Detection of emphysema with computed tomography: Correlation with pulmonary function tests and chest radiography

Academic Article

Abstract

  • We studied 60 male patients who had concurrent chest films (CXR), computed tomography scans (CT) and pulmonary func-tion tests (PFT) to assess the sensitivity of CT and conventional films in detecting emphysema compared with PFT. We also sought to determine whether emphysema could be diagnosed by CT in patients with normal pulmonary function. Using a method similar to that proposed by Bergin, we scored the severity of emphysema depicted by CT, and using arterial deficiency and bullae as criteria, we estimated the degree of emphysema on CXR. There was a significant inverse correlation between CT scores for emphysema and percentage predicted values of DLCO/VA (r = -0.650), FEV1 (r = -0.552), and FVC (r = -0.409), (P < 0.001). A significant but smaller correlation also was noted with the CXR scores and percentage predicted: DLCO/VA (r = -0.564), FEVi (r =-0.454), and FVC (r = -0.355), (P < 0.005). When decreased diffusion capacity and airway obstruction were used as functional criteria of emphysema, CT was as sensitive as PFT and more sensitive than CXR in detecting emphysema (96% vs. 68%). There was CT evidence of emphysema in 69% (24/35) of patients who did not have functional findings of emphysema. In 12 pathologic specimens available for review, 11 had emphysema by CT and pathologic examination; one patient had centrilobular emphyin detecting emphysema and more sensitive than conventional radiography. CT may be more sensitive than PFT in detecting mild emphysema. Early noninvasive diagnosis of emphysema may provide greater understanding of its natural history and provide an impetus in altering risk factors in asymptomatic patients. © Lippincott-Raven Publishers.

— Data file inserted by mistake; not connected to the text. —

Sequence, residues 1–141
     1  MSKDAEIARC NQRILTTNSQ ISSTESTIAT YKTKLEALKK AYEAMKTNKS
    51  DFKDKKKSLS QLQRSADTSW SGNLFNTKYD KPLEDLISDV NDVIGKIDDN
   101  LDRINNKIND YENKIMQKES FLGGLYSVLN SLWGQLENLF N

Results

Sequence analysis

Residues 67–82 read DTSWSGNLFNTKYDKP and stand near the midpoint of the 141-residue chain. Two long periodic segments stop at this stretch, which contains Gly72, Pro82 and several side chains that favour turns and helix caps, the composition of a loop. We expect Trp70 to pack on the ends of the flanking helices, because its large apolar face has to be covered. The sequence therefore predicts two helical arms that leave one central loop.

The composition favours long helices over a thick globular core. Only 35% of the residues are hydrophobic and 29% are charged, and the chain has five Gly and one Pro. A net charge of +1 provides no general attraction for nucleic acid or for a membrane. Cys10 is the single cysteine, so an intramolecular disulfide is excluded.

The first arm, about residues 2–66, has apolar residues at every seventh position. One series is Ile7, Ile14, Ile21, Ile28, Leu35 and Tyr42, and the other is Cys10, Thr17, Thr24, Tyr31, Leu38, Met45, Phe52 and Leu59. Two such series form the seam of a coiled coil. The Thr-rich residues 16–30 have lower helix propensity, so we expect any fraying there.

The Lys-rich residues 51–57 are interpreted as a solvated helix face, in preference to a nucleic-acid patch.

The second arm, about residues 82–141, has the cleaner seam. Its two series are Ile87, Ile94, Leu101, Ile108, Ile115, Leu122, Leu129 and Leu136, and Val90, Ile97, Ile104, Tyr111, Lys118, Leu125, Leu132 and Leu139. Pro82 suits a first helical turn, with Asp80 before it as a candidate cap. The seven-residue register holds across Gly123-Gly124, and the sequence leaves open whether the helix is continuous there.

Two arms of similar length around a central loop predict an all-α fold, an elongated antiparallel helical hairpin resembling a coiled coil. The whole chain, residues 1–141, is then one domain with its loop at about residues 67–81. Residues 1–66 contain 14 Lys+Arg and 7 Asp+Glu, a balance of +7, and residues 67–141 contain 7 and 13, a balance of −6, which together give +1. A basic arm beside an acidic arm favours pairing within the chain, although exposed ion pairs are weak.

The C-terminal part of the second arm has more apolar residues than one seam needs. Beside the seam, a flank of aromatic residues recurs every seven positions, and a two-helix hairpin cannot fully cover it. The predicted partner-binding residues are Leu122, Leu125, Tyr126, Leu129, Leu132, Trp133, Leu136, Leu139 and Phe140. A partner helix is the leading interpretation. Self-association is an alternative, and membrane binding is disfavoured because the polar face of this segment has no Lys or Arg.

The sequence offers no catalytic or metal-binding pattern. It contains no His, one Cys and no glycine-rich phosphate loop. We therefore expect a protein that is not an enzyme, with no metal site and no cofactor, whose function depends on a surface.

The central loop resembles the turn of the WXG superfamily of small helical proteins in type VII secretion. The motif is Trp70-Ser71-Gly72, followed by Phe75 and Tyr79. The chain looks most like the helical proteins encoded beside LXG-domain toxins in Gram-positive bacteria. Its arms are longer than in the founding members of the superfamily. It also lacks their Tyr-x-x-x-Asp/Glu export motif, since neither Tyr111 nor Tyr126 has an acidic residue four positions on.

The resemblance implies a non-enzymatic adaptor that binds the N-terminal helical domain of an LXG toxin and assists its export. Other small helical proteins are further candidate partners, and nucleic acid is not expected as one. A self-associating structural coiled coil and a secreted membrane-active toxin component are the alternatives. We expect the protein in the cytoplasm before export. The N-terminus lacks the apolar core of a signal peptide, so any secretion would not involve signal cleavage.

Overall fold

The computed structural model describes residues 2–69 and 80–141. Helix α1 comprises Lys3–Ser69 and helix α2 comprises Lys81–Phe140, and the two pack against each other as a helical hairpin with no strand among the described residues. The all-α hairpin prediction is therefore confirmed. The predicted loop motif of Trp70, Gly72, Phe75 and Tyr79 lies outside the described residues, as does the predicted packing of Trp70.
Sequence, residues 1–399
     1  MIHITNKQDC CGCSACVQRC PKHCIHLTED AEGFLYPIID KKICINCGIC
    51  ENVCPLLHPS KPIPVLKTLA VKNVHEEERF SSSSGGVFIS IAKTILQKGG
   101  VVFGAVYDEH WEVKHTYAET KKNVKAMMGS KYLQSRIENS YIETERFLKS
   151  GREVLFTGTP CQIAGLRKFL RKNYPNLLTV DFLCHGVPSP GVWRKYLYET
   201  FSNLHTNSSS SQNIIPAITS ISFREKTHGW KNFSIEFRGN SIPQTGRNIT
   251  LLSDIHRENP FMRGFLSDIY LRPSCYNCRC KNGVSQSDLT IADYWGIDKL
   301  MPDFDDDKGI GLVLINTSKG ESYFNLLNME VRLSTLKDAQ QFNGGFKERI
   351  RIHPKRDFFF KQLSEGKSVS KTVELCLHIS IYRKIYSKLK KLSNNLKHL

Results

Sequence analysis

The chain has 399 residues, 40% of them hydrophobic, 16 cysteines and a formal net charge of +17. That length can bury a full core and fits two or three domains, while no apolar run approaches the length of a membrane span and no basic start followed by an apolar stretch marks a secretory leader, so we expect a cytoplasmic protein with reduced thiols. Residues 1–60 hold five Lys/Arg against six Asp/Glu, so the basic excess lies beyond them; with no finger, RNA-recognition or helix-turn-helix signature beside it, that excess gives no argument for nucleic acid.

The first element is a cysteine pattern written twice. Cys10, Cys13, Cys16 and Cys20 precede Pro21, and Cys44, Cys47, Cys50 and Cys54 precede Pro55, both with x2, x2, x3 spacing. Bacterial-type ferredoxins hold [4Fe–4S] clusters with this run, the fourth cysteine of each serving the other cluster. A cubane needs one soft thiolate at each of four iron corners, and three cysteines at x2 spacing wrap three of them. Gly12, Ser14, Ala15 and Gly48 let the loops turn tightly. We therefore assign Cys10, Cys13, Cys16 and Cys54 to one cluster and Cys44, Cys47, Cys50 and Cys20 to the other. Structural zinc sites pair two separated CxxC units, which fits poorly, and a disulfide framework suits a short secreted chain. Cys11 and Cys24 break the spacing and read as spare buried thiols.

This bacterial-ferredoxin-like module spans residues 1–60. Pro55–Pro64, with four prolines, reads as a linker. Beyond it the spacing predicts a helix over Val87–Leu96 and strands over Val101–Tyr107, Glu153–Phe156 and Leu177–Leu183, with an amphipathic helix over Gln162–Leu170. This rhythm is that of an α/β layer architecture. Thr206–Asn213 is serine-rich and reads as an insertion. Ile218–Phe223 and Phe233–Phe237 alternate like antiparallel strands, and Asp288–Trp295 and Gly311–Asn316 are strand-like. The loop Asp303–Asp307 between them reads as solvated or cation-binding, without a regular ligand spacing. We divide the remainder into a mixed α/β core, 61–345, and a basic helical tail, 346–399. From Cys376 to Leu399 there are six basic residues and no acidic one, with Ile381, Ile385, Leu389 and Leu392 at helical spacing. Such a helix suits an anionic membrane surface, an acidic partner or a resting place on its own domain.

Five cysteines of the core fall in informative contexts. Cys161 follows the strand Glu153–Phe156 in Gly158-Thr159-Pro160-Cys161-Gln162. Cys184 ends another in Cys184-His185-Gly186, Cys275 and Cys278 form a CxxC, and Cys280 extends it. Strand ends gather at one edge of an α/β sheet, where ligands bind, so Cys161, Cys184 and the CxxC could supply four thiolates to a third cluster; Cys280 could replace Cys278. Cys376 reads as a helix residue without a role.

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    Digital Object Identifier (doi)

    Author List

  • Sanders C; Nath PH; Bailey WC
  • Start Page

  • 262
  • End Page

  • 266
  • Volume

  • 23